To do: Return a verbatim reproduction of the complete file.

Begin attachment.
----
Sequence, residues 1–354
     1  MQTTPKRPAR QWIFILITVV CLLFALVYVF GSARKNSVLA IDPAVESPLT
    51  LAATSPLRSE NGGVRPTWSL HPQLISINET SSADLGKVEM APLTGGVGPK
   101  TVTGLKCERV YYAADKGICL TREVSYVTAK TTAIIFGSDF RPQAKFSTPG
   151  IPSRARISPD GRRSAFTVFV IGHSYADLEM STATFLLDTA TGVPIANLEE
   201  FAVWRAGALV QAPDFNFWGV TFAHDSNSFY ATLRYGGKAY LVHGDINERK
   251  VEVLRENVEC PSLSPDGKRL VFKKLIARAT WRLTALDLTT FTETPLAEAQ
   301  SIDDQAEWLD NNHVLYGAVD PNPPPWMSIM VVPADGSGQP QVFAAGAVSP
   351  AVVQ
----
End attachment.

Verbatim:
Sequence, residues 1–354
     1  MQTTPKRPAR QWIFILITVV CLLFALVYVF GSARKNSVLA IDPAVESPLT
    51  LAATSPLRSE NGGVRPTWSL HPQLISINET SSADLGKVEM APLTGGVGPK
   101  TVTGLKCERV YYAADKGICL TREVSYVTAK TTAIIFGSDF RPQAKFSTPG
   151  IPSRARISPD GRRSAFTVFV IGHSYADLEM STATFLLDTA TGVPIANLEE
   201  FAVWRAGALV QAPDFNFWGV TFAHDSNSFY ATLRYGGKAY LVHGDINERK
   251  VEVLRENVEC PSLSPDGKRL VFKKLIARAT WRLTALDLTT FTETPLAEAQ
   301  SIDDQAEWLD NNHVLYGAVD PNPPPWMSIM VVPADGSGQP QVFAAGAVSP
   351  AVVQ